Virginia Gentlemen shine spotlight on a cappella tradition
Alumni perform at anniversary concert, demonstrate group's long-standing legacy
The Virginia Gentlemen celebrated their 60th anniversary on Saturday, inviting fans, family and friends to share in a concert celebrating the groups long history as a part of the University’s a cappella scene, which is currently as vibrant as ever.
The event marks just one in a series of a cappella groups also celebrating landmark birthdays recently, with the Hullabahoos celebrating their 25th anniversary last weekend and the Academical Village People celebrating their 20th anniversary earlier this month. The Virginia Belles marked 35 years this past fall, while the Sil’hooettes are looking forward to celebrating their 25th birthday next spring with a similar anniversary concert.
Virginia Gentlemen alumni played a particularly large role in the anniversary performance. The number of Gentlemen on stage grew throughout the night, as increasingly older groups of alumni joined the performers, ultimately building to a chorus of members spanning from 1953 to present.
“It was fantastic,” first-year College student Heather Storeide said. “To see the founders and all the different years [perform] at the same time, together — that was pretty awesome.”
Event preparations for that show have been underway for more than a year. A committee was formed to supervise, organize the event and coordinate with alumni, and rehearsals continued up through performance day.
“We haven’t done an anniversary concert like this before,” said fourth-year Engineering student Joe Fackler, a current member of the Virginia Gentlemen. “It [definitely] engaged the alumni, as hectic as it is to coordinate 80 people moving around in Charlottesville.”
Each of these types of celebrations marks a significant event for the entire a cappella community, which fourth-year College student Mary McCoy, former publicity chair of Hoos in Treble, noted is “[incredibly] tight knit at U.Va.”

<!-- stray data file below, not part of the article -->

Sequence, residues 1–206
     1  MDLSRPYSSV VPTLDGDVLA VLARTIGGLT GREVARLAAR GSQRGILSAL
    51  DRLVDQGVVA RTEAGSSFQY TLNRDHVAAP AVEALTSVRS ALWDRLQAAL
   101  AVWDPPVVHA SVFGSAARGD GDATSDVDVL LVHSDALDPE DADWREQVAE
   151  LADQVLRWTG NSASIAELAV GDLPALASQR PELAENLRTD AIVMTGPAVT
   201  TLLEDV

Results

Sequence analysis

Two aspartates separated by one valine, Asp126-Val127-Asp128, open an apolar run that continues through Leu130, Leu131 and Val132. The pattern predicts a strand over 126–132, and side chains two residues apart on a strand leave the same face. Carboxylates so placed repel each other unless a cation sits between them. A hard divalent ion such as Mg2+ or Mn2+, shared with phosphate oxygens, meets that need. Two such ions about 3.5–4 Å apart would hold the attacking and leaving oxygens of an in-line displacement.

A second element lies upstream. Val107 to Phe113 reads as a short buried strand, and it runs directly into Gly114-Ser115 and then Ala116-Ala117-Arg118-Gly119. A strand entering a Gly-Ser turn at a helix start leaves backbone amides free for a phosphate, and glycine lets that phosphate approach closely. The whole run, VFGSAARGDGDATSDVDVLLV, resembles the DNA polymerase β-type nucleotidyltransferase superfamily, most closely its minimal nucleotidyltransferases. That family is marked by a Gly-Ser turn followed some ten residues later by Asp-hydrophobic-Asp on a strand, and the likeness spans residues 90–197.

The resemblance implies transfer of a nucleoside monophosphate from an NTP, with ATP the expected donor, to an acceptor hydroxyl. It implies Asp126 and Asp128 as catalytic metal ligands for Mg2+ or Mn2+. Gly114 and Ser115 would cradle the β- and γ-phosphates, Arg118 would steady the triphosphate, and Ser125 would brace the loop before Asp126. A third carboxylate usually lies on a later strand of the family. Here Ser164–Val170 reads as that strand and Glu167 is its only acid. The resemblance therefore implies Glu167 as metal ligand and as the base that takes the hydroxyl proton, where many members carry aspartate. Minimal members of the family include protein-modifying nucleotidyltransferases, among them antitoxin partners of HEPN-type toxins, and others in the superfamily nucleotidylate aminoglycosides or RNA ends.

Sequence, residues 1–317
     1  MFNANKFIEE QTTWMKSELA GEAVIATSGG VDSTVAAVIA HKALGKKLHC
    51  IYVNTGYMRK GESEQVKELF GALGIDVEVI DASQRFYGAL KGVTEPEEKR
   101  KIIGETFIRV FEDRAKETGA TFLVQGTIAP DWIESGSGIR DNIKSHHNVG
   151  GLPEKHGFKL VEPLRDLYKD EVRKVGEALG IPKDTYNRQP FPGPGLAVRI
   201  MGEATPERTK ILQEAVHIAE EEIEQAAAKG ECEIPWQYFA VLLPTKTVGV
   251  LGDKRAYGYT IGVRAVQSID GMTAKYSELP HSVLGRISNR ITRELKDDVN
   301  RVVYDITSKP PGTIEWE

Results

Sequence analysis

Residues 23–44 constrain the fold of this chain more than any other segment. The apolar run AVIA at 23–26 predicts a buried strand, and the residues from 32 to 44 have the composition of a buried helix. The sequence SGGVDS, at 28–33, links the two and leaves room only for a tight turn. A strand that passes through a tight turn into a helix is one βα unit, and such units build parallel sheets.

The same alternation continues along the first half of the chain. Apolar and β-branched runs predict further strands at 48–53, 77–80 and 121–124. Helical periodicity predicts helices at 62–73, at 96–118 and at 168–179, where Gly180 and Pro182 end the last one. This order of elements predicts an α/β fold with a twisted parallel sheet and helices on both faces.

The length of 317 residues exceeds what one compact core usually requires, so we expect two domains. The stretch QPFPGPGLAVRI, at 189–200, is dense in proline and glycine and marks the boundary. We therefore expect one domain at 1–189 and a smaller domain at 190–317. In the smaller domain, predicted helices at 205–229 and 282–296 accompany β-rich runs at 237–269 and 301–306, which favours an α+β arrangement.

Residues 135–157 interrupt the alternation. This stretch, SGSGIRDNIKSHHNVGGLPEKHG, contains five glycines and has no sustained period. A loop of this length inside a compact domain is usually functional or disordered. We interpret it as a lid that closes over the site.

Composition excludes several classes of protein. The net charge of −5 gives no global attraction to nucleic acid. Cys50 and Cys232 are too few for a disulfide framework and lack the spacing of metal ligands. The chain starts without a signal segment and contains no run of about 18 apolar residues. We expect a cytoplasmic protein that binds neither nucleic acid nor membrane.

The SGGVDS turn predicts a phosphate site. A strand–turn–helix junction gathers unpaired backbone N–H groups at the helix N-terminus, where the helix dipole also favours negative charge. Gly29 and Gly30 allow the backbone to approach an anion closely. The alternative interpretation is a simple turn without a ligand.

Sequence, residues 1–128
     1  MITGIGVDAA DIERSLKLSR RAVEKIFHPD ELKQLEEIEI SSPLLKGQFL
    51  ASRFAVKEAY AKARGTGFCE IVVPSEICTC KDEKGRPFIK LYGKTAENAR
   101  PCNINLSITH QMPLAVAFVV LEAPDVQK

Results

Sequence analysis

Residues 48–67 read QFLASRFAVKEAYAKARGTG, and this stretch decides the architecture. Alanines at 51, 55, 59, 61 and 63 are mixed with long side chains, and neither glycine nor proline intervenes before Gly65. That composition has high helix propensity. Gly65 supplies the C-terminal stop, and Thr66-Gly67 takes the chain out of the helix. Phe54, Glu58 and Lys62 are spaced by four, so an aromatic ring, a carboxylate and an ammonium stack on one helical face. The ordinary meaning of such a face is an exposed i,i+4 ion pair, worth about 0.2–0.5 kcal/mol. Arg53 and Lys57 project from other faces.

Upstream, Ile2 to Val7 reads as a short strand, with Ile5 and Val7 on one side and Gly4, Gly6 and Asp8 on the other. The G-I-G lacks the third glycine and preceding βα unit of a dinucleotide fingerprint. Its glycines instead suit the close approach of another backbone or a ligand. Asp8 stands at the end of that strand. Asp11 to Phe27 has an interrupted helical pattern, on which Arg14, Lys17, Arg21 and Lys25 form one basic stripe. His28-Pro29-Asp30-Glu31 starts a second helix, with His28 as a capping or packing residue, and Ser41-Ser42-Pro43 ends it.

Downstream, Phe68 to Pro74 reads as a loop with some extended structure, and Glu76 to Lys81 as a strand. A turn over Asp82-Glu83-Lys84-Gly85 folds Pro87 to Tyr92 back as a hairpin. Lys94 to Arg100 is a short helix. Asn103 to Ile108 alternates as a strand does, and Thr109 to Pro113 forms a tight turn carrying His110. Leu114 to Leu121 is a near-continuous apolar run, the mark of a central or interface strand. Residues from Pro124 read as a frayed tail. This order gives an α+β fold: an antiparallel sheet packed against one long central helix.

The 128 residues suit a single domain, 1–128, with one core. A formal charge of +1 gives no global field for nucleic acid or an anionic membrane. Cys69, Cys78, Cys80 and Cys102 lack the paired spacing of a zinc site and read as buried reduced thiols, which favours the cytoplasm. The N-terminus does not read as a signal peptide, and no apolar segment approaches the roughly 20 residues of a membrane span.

Often, the groups serve not as competitors, but as collaborators. The Sil’hooettes, for example, were featured with the Hullabahoos this past weekend and also held a joint concert with the Virginia Gentlemen earlier this year.
Second-year College student Tal Benatar, the AVP music director, described a number of inter-a-cappella mixers that are held to welcome new members, and noted the groups often share plots at Foxfield and attend an annual a capella ball.
“Most of my best friends are [actually] in other groups because of that process,” Benatar said.
More formal interactions between a cappella groups also exist. The A Cappella President’s Council, which is consists of the presidents of the nine a cappella groups which are official CIOs, establishes rules for the groups and plans University-wide events such as the Rotunda Sing.
“There are group differences, but we put group affiliation aside and recognize that music is something we love,” said third-year College student Zoe Bellars, the Sil’hooettes former president and current publicity director. “It’s a supportive community.”